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Twitter’s future is newsletters and podcasts, not tweets

With Revue and a slew of other new products, Twitter is trying hard to move past texting.

Twitter’s future is newsletters and podcasts, not tweets

We started with 140 characters. What now?

Image: Liv Iko/Protocol

Twitter was once a home for 140-character missives about your lunch. Now, it's something like the real-time nerve center of the internet. But as for what Twitter wants to be going forward? It's slightly more complicated.

In just the last few months, Twitter has rolled out Fleets, a Stories-like feature; started testing an audio-only experience called Spaces; and acquired the podcast app Breaker and the video chat app Squad. And on Tuesday, Twitter announced it was acquiring Revue, a newsletter platform. The whole 140-characters thing (which is now 280 characters, by the way) is certainly not Twitter's organizing principle anymore. So what is?

Twitter was always just about speed. The initial 140-character limit that became associated with the platform was a technical limitation — required to fit everything into a text message, then the quickest way to reach people — not a statement about brevity being the soul of anything. Many of the moves Twitter has made over the years have been in service of making Twitter even faster: faster to show users good stuff with algorithms, faster to publish with Fleets, faster to spread information with RTs and quote tweets. Even when Twitter decides not to do something, the reasons usually come back to speed. Take the much-desired edit button: One reason Jack Dorsey has given for not including one is that it "means we'd have to delay sending that tweet out … we'll probably never do it."

Rather than think of Twitter as a social network or a 140-character writing tool, it's helpful to think of Twitter the way Dorsey does. "At its core Twitter is public messaging," he said in 2016. "A simple way to say something, to anyone, that everyone in the world can see instantly."

That tweet came in part in response to a Recode story that claimed Twitter was considering expanding its text limit to 10,000 characters. Dorsey didn't quite acknowledge the plan, but he didn't shoot the report down, either. He also explained why longer-form text might be a powerful part of Twitter. "We've spent a lot of time observing what people are doing on Twitter, and we see them taking screenshots of text and tweeting it," he tweeted (in a Notes app screenshot, of course). "Instead, what if that text … was actually text? Text that could be searched. Text that could be highlighted. That's more utility and power."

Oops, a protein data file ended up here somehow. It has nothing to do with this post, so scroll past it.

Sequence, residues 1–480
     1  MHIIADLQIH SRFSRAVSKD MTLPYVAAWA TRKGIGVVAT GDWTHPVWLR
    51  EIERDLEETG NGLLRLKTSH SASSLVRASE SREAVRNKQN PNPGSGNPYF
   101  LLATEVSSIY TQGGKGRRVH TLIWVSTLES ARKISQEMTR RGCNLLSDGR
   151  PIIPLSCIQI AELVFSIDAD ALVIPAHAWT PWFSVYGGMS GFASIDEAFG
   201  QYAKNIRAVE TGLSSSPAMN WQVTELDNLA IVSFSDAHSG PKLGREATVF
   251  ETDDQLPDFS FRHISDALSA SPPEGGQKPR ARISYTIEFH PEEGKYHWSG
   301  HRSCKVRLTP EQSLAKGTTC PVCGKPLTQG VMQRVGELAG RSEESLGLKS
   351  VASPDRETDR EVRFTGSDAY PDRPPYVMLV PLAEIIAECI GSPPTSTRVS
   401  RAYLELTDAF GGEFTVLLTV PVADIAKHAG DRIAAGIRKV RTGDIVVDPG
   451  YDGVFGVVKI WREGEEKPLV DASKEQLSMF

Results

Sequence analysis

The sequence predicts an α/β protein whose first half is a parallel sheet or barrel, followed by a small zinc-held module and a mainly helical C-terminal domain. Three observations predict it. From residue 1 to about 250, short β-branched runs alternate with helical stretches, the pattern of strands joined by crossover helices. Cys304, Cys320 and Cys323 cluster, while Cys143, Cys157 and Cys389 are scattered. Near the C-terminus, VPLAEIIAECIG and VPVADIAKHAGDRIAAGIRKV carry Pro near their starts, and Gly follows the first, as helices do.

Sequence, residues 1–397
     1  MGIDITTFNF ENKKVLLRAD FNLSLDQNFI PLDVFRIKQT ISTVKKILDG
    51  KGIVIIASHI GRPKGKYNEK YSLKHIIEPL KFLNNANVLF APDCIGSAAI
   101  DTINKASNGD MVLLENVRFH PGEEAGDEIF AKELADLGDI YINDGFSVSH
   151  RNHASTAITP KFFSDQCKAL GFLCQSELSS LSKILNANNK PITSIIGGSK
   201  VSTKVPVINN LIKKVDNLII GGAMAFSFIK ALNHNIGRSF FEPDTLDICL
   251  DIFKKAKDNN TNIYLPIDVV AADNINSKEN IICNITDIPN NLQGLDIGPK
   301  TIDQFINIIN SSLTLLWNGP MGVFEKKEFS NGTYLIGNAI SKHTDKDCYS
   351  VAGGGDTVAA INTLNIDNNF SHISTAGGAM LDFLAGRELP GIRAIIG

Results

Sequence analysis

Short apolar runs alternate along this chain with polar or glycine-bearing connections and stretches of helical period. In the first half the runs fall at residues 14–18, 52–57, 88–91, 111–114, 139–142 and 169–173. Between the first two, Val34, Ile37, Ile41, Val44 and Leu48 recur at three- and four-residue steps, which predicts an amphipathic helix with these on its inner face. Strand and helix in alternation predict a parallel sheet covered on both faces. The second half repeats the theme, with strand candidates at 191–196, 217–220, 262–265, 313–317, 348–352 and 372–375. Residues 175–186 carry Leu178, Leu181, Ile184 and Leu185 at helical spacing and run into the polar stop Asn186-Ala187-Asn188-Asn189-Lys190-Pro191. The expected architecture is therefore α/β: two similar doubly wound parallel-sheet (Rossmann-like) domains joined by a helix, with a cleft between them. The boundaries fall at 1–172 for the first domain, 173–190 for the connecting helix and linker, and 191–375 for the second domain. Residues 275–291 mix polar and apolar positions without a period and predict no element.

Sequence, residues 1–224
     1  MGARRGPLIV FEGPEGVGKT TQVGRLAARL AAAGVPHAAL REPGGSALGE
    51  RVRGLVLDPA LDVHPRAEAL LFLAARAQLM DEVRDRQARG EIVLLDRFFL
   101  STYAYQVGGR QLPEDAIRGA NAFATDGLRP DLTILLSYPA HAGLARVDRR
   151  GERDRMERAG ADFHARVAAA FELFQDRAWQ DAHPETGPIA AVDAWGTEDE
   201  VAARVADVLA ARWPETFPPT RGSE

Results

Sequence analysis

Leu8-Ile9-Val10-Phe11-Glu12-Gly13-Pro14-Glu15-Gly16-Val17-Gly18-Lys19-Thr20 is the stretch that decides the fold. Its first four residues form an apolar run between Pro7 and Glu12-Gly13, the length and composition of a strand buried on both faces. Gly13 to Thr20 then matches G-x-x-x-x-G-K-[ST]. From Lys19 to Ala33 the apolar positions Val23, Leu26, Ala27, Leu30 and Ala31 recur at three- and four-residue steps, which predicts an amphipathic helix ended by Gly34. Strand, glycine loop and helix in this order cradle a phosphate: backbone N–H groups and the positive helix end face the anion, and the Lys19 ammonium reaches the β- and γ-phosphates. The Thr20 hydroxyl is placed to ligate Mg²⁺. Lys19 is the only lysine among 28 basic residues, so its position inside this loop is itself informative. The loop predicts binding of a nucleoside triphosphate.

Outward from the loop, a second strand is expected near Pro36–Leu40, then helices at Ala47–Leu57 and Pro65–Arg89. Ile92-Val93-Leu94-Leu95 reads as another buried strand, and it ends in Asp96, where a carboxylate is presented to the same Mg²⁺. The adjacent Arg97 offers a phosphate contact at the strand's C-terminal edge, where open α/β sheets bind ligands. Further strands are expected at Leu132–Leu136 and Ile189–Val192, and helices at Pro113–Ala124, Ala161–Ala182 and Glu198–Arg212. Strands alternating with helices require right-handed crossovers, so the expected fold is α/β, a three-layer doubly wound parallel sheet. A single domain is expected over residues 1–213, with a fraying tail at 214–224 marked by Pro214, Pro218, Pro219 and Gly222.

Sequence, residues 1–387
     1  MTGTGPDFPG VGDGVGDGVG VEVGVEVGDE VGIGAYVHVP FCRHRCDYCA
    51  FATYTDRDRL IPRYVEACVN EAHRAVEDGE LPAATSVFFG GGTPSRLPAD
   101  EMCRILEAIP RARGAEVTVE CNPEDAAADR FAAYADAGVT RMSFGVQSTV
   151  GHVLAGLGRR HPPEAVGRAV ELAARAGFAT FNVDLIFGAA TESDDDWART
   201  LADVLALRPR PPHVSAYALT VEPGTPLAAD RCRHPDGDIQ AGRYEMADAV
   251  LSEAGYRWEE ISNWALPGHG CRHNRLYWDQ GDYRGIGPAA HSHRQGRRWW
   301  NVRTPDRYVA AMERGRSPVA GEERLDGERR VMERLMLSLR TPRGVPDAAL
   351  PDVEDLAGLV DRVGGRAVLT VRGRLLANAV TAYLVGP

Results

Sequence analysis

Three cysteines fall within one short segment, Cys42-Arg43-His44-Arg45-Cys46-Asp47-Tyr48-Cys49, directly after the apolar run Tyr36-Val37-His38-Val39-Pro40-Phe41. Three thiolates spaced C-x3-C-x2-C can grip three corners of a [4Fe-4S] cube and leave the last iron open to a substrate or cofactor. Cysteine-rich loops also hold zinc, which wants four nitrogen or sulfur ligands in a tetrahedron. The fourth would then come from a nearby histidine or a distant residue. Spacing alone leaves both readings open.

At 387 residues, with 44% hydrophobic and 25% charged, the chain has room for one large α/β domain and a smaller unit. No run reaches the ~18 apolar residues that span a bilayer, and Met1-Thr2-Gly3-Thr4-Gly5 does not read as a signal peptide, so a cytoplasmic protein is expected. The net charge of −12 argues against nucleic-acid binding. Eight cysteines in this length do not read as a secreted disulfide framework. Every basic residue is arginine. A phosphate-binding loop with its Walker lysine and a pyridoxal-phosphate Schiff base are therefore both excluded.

Increasingly, Twitter is also thinking about what Twitter looks like outside of its own apps. With Project Bluesky, the company is investigating turning Twitter into a protocol rather than a platform, so the Twitter that users know today would be just one way to tap into the social graph and content flowing through it. And with Revue, Twitter is heading into users' email inboxes. Revue appears to be a good fit at Twitter, actually: Its platform has always focused on curation, making it easy for newsletter writers to grab a bunch of links, add commentary and send it to subscribers. Which sounds an awful lot like Twitter — only longer.

The Revue acquisition, and some of Twitter's other recent moves, also make clear where the company is headed as a business. It's leaning into working with creators, trying to help people build audiences and make money on the platform so that they'll keep spending time there. Twitter is way behind on this front. Twitter is, for most creators, a marketing vehicle, a public way to send fans to the Instagram/Twitch/TikTok/Substacks that make them actual money.

By acquiring a newsletter provider, Twitter brings at least one part of that in-house. "Revue will accelerate our work to help people stay informed about their interests while giving all types of writers a way to monetize their audience," Twitter's Kayvon Beykpour and Mike Park wrote in the blog post announcing the acquisition. The same could soon be true for Breaker with podcasts, and Spaces with audio events. If 280-character Twitter can continue to be a powerful marketing engine, but all that marketing can drive toward Twitter's other, higher-fidelity messaging tools, Twitter stands to be a useful home for lots of creators. And, of course, if creators stay, so do users.